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Russians warn of radiation threat to Arctic

作者:过臬掾    发布时间:2019-03-07 10:13:14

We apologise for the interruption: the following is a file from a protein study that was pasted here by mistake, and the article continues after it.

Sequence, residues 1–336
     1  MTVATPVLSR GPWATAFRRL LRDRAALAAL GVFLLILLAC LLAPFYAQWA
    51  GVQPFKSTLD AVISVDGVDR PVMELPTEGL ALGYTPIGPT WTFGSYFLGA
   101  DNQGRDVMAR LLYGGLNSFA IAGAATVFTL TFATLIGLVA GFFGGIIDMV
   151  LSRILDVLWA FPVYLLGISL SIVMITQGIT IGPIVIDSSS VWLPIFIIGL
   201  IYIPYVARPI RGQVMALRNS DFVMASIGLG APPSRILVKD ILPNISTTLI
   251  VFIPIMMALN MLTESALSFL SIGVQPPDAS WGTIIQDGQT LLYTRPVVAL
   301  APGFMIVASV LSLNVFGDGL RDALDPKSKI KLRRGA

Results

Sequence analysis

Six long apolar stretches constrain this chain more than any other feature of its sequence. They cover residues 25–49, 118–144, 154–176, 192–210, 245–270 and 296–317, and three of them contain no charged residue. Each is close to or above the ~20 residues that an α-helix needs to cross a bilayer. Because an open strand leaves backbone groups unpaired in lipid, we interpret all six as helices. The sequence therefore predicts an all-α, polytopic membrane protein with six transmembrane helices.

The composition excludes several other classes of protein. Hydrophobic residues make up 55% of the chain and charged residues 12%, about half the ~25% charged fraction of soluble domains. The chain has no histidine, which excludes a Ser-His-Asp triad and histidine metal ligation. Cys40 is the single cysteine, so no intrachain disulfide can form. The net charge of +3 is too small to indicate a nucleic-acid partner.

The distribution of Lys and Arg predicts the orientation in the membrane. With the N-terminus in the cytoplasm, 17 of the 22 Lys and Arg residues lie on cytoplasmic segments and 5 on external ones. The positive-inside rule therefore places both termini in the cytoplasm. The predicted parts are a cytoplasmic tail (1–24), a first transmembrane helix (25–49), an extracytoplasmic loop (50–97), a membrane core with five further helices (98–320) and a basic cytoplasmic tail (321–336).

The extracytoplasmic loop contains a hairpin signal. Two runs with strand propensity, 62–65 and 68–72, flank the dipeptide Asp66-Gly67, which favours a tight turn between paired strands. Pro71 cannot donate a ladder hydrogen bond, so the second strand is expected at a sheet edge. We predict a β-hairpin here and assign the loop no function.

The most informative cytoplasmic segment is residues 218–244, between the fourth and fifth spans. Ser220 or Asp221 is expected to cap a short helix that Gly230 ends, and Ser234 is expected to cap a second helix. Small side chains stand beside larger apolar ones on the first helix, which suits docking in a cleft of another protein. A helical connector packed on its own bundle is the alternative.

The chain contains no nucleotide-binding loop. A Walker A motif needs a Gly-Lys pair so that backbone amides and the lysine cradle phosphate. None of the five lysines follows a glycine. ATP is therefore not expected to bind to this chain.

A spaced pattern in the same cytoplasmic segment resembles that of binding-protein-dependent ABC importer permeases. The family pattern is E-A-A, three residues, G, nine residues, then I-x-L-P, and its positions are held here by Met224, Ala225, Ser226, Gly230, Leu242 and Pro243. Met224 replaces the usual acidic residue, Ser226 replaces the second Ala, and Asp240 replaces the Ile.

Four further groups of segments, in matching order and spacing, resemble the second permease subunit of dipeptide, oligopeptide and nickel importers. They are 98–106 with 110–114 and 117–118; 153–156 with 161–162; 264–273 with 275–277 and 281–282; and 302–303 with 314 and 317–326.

By Rob Edwards RADIOACTIVITY that leaked from two underground nuclear explosions in northern Siberia during the 1970s has still not been properly cleaned up and could contaminate the Arctic, according to Russian scientists. Between 1965 and 1988, the Soviet Union exploded 116 nuclear bombs to help mining, quarrying and oil production—17 of them near the Arctic Circle. Two blasts in what is now the Republic of Sakha accidentally released radioactivity into the atmosphere. The first, the 1.7 kiloton “Crystal”, exploded near Udachnyy in October 1974 and the second, the 19-kiloton “Craton-3”, near Aykhal in August 1978. Andrei Gedeonov of the V. G. Khlopin Radium Institute in St Petersburg says that surface levels of plutonium and caesium at both sites are “extremely high”. In surveys conducted in the early 1990s, he found that the average concentration of plutonium in lichen up to 1.5 kilometres from Craton-3 was 2.1 becquerels per gram—780 times higher than at uncontaminated sites nearby. Further down the water catchments in which the two sites lie, raised levels of plutonium in sediments suggest that the contamination could spread into rivers, Gedeonov told a conference last week in Edinburgh on radioactive pollution in the Arctic. At the same meeting, Vladimir Vasiliev of the Yakut International Centre for Development of the Northern Territories, Yakutsk, claimed that the pollution around Craton-3 and Crystal was comparable to that now found within 30 kilometres of the Chernobyl reactor in the Ukraine. He warns that radioactivity could be carried into the River Lena,

 

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